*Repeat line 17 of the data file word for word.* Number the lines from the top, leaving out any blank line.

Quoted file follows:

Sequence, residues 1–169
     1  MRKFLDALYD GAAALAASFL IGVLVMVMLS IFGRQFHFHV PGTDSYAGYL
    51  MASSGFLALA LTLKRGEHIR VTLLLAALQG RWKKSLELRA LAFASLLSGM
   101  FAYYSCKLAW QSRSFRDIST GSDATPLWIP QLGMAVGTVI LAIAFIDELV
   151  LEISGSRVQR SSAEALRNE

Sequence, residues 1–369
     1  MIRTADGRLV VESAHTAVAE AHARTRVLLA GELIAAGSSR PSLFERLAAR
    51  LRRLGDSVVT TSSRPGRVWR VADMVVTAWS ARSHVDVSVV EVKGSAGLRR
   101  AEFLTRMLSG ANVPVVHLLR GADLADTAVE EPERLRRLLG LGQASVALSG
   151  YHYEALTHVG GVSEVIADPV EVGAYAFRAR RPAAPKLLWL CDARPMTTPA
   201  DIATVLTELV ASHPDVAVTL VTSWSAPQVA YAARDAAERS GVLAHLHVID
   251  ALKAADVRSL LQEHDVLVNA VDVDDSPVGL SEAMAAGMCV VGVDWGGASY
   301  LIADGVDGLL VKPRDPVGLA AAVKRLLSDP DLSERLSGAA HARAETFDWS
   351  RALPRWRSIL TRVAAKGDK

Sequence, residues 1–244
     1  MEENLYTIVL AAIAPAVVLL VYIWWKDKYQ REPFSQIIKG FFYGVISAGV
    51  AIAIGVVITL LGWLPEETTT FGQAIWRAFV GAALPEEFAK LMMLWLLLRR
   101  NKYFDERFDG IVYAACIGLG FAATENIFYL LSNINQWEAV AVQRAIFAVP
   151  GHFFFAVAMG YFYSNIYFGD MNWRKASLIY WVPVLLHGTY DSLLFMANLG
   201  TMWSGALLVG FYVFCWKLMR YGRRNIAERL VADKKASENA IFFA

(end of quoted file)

    51  AIAIGVVITL LGWLPEETTT FGQAIWRAFV GAALPEEFAK LMMLWLLLRR